Biodeterioration of Fuels

  • R. N. Smith
Part of the Springer Series in Applied Biology book series (SSAPPL.BIOLOGY)


The biodeterioration of hydrocarbons only occurs when water is present, the active deteriogens growing either at the oil-water interface or in the aqueous phase. It is primarily trophic biodeterioration in which the hydrocarbon is used as a carbon and energy source and as such is synonymous with biodegradation. The only difference is that biodeterioration is biodegradation in the wrong place. Thus microbial degradation of fuel in the wing tanks of an aircraft is biodeterioration but the same process occurring in an oil slick is biodegradation. Biodegradation of hydrocarbons is a strictly aerobic process and degradation cannot occur under anaerobic conditions. This is because hydrocarbons, unlike carbohydrates, contain no oxygen. Hence those processes which take place during the fermentation of glucose, whereby the oxidised product following energy release itself becomes the ultimate hydrogen and electron acceptor to form alcohol, cannot occur. Paradoxically, this does not mean that biodeterioration will not take place under anaerobic conditions; trophic degradation can and does occur providing an alternative electron acceptor such as nitrate or sulphate is present. Whilst primary deterioration is trophic there may be secondary forms of spoilage which arise from microbial growth such as the migration of water droplets into the fuel, the accumulation of microbial slimes in the fuel and souring by hydrogen sulphide produced by the sulphate reducing bacteria.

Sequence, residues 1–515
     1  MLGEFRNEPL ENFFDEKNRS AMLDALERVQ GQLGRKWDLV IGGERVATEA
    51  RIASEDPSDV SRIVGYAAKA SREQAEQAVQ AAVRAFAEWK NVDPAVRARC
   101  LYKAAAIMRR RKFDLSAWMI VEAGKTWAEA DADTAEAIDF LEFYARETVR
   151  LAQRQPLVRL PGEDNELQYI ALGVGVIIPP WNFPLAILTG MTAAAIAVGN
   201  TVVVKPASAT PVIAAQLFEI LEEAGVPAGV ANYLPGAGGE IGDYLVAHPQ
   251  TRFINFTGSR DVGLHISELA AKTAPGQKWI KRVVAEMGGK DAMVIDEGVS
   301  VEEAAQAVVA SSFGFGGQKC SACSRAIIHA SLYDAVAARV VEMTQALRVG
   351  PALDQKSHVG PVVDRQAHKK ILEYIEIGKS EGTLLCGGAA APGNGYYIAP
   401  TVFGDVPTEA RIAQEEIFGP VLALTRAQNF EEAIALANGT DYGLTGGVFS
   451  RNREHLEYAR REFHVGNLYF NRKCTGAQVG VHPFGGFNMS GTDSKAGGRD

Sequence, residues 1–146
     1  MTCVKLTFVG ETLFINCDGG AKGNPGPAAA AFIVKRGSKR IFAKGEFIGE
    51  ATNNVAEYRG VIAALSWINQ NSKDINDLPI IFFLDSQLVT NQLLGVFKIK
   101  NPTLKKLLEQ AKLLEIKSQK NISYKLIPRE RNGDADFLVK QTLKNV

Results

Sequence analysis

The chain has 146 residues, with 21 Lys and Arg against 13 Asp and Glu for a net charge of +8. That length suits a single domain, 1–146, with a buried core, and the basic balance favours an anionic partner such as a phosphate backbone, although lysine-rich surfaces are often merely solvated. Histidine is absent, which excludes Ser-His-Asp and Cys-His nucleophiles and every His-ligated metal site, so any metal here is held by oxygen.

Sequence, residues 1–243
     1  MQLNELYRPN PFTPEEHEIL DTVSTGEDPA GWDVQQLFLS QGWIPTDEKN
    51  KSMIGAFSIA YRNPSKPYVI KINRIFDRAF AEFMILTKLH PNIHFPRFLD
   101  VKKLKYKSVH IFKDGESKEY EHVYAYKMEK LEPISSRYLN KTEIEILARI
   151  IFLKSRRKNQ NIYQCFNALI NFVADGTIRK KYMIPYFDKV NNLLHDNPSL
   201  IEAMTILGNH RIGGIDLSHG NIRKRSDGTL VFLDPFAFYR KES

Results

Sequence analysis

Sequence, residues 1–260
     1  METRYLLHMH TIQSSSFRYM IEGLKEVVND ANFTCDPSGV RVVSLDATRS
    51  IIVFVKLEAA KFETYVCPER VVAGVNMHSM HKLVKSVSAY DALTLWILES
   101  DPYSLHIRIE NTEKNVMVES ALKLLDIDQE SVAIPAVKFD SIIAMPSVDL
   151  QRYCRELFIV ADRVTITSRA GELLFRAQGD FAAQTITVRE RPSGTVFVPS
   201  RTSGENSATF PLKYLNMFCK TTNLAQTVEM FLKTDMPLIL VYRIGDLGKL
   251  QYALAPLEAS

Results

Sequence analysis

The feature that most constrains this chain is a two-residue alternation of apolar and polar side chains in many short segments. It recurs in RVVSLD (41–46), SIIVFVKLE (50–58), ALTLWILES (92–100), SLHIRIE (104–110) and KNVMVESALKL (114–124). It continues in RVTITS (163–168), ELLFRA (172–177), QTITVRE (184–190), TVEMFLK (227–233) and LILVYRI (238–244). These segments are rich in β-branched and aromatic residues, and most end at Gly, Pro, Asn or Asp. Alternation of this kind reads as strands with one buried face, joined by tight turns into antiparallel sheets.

Water Bottom Sulphate Reduce Bacterium Fuel Tank Fuel System Iron Sulphide 
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© Springer-Verlag London Limited 1991

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  • R. N. Smith

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